In a comment in another posting Adolfo put up a link to the Unisys sea surface temperature anomaly map. Now I’m looking at it every day or two too…
And it shows a very cold dagger in the heart of the Pacific.
Here is a live chart:
You can click on these for a larger sized image.
Original image and more from Unisys
This is a bit of a worry… Yes, those are -4 C scale excursions.
What is in the heart of the Pacific now tends to slowly spread toward the North Pole. It takes about 18 years to get there, and it does get blended a bit on the way. But this pattern has been holding for a while now. (This image is just one day, but it’s been like that for quite a while). The implication of this is that we are headed into a significant cooling event. It just needs a longer integration over time and some geographical spread to be felt in a big way.
I also note in passing that cold blob over arctic Russia. Cold time in Moscow coming soon…
My interpretation of the warm blobs along the Asian Pacific coast and the North American / Greenland Atlantic coast is that those are blobs of warmth doing the “lava lamp world” thing, headed up to the Arctic to dump their heat to space. The return path along the North American Pacific coast is already looking quite cool (and it has been cool all year in California).
The southern hemisphere also has some ‘warm blobs’ but they are a rather tepid warm now (the greenish blobs). Most of the southern ocean is already normal to cool. Not a lot of warmth down under.
As Actual Temperatures
Looked at in actual temperatures, it’s clearly cold around the bottom and top of the world. And the middle is getting a spike of cold in the center of it.
Where the currents run up the western sides of South America and Africa, the cold water is clearly entrained northward. In the Northern Hemisphere, we’ve already got cold waters and it’s still the hot part of the year (just entering Autumn).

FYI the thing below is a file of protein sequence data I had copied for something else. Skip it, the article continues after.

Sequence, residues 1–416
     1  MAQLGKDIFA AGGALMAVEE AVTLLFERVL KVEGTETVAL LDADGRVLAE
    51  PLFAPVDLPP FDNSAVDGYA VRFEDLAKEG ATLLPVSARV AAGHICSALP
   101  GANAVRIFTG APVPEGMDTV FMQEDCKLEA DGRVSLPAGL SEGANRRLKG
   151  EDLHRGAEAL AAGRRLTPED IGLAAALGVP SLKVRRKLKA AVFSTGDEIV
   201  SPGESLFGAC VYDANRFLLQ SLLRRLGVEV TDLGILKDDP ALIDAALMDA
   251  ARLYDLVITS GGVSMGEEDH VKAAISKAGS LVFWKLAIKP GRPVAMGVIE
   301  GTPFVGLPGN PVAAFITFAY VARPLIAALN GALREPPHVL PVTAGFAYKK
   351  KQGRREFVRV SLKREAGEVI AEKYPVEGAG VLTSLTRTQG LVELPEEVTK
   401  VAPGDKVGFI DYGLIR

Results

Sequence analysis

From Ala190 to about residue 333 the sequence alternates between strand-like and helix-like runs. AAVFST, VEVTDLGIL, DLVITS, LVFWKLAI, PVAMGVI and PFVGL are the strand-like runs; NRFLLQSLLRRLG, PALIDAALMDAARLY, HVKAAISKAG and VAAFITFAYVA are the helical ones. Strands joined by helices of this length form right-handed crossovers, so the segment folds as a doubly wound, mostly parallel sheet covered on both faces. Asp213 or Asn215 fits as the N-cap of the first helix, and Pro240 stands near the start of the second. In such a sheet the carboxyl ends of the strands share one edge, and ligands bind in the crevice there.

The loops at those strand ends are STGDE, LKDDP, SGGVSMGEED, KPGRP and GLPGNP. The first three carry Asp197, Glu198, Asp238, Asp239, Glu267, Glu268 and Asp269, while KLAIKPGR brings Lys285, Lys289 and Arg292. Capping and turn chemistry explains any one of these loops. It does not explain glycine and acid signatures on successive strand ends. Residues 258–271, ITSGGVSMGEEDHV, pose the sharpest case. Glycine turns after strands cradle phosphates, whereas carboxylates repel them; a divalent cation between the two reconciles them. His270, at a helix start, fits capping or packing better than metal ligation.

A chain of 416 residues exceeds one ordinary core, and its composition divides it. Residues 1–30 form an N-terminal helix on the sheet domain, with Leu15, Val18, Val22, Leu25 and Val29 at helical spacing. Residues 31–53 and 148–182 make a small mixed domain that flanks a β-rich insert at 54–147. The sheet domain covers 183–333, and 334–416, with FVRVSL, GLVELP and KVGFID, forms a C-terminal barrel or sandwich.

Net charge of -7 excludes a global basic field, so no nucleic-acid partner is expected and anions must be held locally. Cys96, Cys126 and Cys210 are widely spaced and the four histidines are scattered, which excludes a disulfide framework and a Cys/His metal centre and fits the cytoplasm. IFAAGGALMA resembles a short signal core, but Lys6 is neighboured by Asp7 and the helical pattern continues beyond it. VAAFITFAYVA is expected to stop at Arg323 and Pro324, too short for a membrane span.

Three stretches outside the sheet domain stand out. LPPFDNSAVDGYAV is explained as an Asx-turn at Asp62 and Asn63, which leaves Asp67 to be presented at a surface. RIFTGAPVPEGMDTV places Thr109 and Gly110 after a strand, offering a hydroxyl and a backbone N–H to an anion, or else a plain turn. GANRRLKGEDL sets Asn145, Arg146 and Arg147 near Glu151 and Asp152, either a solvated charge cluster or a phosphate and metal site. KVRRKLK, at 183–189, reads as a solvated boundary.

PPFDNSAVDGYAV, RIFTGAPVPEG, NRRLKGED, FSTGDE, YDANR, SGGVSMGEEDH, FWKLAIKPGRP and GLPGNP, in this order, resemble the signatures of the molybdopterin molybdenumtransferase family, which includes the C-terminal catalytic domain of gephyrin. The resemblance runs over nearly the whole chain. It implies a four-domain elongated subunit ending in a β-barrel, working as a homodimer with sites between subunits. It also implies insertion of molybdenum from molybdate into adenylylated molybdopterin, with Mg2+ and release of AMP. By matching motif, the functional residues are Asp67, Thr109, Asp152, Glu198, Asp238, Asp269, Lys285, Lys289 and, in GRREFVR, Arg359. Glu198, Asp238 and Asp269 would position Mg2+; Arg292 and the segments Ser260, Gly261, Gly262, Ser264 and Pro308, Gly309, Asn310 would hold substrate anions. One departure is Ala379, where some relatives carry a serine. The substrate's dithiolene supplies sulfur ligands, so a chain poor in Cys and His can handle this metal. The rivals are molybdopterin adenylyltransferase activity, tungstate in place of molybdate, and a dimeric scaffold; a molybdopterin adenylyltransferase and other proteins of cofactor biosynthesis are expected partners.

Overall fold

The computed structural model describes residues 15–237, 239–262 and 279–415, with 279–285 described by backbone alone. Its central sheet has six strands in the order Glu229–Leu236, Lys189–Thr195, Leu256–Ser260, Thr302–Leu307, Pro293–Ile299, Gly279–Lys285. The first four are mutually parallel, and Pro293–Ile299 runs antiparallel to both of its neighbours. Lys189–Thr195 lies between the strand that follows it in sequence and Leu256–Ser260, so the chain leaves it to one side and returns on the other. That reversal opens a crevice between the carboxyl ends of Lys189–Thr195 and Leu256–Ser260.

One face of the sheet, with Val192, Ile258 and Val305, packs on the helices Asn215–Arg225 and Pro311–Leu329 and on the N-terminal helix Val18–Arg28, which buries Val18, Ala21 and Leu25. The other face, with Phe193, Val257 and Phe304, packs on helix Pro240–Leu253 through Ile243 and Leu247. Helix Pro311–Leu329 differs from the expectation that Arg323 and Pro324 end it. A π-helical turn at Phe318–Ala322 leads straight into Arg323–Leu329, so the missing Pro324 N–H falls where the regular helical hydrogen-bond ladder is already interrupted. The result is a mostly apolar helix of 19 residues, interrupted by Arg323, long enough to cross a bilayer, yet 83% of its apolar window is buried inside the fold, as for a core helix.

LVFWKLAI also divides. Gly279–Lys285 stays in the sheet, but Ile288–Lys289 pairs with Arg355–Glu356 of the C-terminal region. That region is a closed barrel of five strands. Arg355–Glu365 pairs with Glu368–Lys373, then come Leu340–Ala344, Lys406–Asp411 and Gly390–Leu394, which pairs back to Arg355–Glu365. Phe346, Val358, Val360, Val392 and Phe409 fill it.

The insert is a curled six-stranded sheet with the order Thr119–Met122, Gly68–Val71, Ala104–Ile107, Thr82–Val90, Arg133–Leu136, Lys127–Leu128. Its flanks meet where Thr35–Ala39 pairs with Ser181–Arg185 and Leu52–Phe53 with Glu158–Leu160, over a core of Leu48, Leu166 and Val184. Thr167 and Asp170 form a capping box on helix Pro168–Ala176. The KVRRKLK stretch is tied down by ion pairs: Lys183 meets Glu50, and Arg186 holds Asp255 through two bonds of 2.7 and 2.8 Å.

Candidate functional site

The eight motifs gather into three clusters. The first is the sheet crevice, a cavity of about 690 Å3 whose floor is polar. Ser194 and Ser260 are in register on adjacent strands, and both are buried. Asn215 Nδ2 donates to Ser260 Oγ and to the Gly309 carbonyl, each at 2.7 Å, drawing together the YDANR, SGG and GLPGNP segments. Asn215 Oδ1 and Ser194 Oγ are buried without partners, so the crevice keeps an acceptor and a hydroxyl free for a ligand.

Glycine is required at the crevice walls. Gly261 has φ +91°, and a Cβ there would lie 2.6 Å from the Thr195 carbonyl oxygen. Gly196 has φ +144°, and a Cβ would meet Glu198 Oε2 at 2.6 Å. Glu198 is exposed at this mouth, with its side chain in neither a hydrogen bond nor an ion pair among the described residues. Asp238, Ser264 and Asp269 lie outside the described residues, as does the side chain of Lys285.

It will be fascinating to watch this slowly unfold…
FWIW, we’re having a cold rain in the San Francisco Bay Area today.
For most of the last 25 years or so, we’ve gotten through Halloween without rain. Sometimes we get a bit before Halloween, but not much. I can only remember being rained out on Halloween once (and when you are raising kids, you remember these things…) Somehow I suspect this year is going to make #2. (And the first one was about 20+ years ago…)
Typically I’m picking tomatoes and squash, clearing the last of the corn, and working in an “Indian Summer” weather pattern about now. We had that for about 1 week a bit ago. Sometimes we get warm enough for tomatoes all the way through November (my latest harvest was early December one year about a decade back). Today I’m thinking about wood in the fireplace and checking the yard for anything that’s not rain proof… November activities…
It’s going to be a long cold winter, I fear.
Super Typhoon Megi
In the middle of that Eastern Pacific hot blob is Super Typhoon Megi headed for Luzon, Philippines. A Cat 5 at the moment. This link has a nice picture showing where it is relative to the sea surface temps: